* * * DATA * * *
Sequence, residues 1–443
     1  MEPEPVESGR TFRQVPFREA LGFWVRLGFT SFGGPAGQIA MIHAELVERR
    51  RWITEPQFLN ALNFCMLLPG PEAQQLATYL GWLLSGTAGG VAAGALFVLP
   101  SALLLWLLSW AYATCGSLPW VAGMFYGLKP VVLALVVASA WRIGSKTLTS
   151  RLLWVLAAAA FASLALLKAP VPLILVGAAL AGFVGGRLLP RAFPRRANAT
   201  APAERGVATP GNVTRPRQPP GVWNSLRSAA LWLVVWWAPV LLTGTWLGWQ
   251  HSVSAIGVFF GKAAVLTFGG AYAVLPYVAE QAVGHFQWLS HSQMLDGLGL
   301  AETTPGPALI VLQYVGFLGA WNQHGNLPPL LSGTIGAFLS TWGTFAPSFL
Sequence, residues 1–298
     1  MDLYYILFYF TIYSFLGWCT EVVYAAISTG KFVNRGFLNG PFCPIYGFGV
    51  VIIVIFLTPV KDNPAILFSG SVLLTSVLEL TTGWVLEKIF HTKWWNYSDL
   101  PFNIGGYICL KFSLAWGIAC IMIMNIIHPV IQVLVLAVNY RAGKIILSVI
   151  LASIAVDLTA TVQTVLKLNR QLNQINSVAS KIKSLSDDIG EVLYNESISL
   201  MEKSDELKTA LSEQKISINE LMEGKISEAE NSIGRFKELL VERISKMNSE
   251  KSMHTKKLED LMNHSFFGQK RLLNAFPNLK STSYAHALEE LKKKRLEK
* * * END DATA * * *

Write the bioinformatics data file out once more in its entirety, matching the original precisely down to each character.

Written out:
Sequence, residues 1–443
     1  MEPEPVESGR TFRQVPFREA LGFWVRLGFT SFGGPAGQIA MIHAELVERR
    51  RWITEPQFLN ALNFCMLLPG PEAQQLATYL GWLLSGTAGG VAAGALFVLP
   101  SALLLWLLSW AYATCGSLPW VAGMFYGLKP VVLALVVASA WRIGSKTLTS
   151  RLLWVLAAAA FASLALLKAP VPLILVGAAL AGFVGGRLLP RAFPRRANAT
   201  APAERGVATP GNVTRPRQPP GVWNSLRSAA LWLVVWWAPV LLTGTWLGWQ
   251  HSVSAIGVFF GKAAVLTFGG AYAVLPYVAE QAVGHFQWLS HSQMLDGLGL
   301  AETTPGPALI VLQYVGFLGA WNQHGNLPPL LSGTIGAFLS TWGTFAPSFL
Sequence, residues 1–298
     1  MDLYYILFYF TIYSFLGWCT EVVYAAISTG KFVNRGFLNG PFCPIYGFGV
    51  VIIVIFLTPV KDNPAILFSG SVLLTSVLEL TTGWVLEKIF HTKWWNYSDL
   101  PFNIGGYICL KFSLAWGIAC IMIMNIIHPV IQVLVLAVNY RAGKIILSVI
   151  LASIAVDLTA TVQTVLKLNR QLNQINSVAS KIKSLSDDIG EVLYNESISL
   201  MEKSDELKTA LSEQKISINE LMEGKISEAE NSIGRFKELL VERISKMNSE
   251  KSMHTKKLED LMNHSFFGQK RLLNAFPNLK STSYAHALEE LKKKRLEK